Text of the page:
From the looks of it he needs mentoring. I am one who likes to give people a chance, but I am not suggesting that you take that job. Does he have potential? Yes, we all do. If they don't already have it suggest a code review process. bmcatt has an excellent out line. This is an excellent site for code review as well.

    Ideas for designing and conducting code reviews at TechRepublic has links to articles and tips from readers. These have some good info, you may have to sign up at the site, it's free. If you have problems let me know and I'll get you the articles.

    Good luck,

      Does he have potential? Yes, we all do.
      If by that you mean "Does he have potential to be an expert programmer?", I'm going to disagree with you.

      Over the years, I've had lots of opportunity to watch various people attempt and master programming.

      Some people "get it". Others... just don't.

      Now there's nothing lesser about those that don't. Let's take the inverse as an example. Most people consider me to be an expert programmer. But I can't draw worth beans. It mystifies me. I can't figure out how people know where to put the lines or the colors, or how to transform the 3-D world they are viewing into the 2-D projection of it for the paper.

      So, I don't draw. I'm not braindead. I just don't think that way. Similarly, I've seen that most people don't think in the way that it takes to be an expert programmer. Nothing wrong with them. They just don't have that particular aptitude.

      And I may get flamed on this. Lemme also say that I think as children, we probably can and do pick a path, and maybe only then were all possibilities equally probable. But at some point, we start specializing, and after that, there's a commitment to the wiring of a particular brain. My theory, anyway.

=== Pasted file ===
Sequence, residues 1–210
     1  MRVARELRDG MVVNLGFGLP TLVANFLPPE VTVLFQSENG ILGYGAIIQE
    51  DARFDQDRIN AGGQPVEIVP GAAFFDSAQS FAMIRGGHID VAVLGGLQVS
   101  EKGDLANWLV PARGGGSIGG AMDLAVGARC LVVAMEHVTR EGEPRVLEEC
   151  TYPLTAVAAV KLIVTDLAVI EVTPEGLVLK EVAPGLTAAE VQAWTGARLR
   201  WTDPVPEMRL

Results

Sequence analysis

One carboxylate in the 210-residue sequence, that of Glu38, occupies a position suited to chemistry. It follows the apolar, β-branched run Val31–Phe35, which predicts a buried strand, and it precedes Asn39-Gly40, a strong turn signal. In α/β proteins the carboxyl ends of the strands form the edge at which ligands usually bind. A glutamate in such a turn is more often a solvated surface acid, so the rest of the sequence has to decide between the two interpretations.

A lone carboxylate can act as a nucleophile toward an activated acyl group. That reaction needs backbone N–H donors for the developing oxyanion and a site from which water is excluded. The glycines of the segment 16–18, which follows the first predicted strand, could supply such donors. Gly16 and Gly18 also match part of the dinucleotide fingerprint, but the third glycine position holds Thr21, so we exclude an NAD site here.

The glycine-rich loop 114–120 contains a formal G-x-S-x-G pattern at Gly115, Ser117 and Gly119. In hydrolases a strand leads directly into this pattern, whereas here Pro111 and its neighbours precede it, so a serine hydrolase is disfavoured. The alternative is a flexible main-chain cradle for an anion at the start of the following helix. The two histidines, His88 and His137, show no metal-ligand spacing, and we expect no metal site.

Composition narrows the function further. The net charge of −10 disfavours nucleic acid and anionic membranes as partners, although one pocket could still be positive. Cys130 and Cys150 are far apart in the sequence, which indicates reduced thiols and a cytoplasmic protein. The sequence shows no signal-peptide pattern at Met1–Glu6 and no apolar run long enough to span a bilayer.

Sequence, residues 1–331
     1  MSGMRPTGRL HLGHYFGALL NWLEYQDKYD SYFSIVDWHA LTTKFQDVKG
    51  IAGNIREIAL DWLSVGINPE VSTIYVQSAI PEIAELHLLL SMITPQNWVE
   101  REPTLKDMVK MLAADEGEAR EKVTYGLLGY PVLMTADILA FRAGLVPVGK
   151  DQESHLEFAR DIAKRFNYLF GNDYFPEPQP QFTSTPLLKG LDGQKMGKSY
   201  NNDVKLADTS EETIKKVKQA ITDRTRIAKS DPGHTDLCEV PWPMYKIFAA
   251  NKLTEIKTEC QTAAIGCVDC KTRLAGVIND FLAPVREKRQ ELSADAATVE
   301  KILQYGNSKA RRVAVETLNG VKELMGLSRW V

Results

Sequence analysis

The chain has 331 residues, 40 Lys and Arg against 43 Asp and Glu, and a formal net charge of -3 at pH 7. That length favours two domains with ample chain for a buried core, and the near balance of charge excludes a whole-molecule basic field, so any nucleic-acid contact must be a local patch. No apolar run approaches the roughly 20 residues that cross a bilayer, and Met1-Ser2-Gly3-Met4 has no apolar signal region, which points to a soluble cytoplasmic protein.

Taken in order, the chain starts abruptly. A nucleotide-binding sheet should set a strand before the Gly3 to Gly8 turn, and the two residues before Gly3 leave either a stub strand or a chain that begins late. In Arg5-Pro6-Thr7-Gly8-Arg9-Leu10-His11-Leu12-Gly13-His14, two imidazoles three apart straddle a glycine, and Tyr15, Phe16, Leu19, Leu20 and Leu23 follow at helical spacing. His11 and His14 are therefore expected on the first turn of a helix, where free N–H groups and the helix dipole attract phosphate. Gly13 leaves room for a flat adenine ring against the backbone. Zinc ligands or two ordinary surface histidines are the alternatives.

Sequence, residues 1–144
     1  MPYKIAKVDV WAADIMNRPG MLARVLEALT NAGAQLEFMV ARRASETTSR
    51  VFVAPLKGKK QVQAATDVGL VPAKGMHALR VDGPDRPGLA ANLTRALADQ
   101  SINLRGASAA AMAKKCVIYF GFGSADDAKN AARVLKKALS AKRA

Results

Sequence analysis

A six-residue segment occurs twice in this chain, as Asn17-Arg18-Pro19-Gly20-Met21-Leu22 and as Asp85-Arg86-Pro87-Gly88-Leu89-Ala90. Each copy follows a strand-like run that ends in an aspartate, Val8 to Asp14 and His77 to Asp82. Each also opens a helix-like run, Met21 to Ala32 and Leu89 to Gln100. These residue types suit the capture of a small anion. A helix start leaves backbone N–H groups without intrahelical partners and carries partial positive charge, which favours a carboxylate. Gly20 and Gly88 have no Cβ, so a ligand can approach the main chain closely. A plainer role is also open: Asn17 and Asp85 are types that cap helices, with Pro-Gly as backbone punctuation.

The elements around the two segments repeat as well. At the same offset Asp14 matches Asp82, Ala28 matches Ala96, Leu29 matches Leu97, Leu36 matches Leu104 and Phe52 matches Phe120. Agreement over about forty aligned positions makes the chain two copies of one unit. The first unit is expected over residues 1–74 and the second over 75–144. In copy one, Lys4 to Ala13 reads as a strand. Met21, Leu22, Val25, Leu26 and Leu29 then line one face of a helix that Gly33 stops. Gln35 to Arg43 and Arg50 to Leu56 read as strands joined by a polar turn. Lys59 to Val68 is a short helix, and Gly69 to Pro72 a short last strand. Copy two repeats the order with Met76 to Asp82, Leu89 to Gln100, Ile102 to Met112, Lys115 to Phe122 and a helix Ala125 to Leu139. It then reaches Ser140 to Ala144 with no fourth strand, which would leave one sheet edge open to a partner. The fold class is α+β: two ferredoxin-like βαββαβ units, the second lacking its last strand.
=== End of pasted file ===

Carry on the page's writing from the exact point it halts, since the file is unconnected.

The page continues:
Now if you meant "has potential to get a bit better", certainly, I can support that. But maybe he oughta take up another line of work. Seriously.

      -- Randal L. Schwartz, Perl hacker

        Once upon a time I took a drawing class in college. The teacher had been teaching art classes for about 20 years. One day early in the class, the subject of 'people who can't draw' came up -- of which there were, as I recall, about five in this particular class of ~20. His opinion was that, yes, some people can't draw. And in his twenty years of teaching people from the age of 5 to 95 he's encountered precisely two such poor souls.

        Our class didn't provide him with a third example. Now consider, say he teaches four classes per year (he doesn't teach only at the university). Take an average class size of twenty. That's 1600 people. So the odds of a random person picked off the street really not being able to draw is about 0.125% (with rounding).